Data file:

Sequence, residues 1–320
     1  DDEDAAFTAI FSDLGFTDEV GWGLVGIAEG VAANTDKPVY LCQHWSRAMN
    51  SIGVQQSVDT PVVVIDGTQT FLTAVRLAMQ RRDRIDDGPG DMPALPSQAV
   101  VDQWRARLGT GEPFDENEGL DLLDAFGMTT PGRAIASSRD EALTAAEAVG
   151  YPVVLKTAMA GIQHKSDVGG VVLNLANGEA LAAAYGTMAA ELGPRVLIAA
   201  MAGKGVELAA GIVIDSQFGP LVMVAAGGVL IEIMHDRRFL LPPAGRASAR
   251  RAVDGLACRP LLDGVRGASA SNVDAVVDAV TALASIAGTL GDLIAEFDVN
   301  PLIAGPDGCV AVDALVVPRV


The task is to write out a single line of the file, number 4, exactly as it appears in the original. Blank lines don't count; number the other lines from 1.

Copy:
   101  VDQWRARLGT GEPFDENEGL DLLDAFGMTT PGRAIASSRD EALTAAEAVG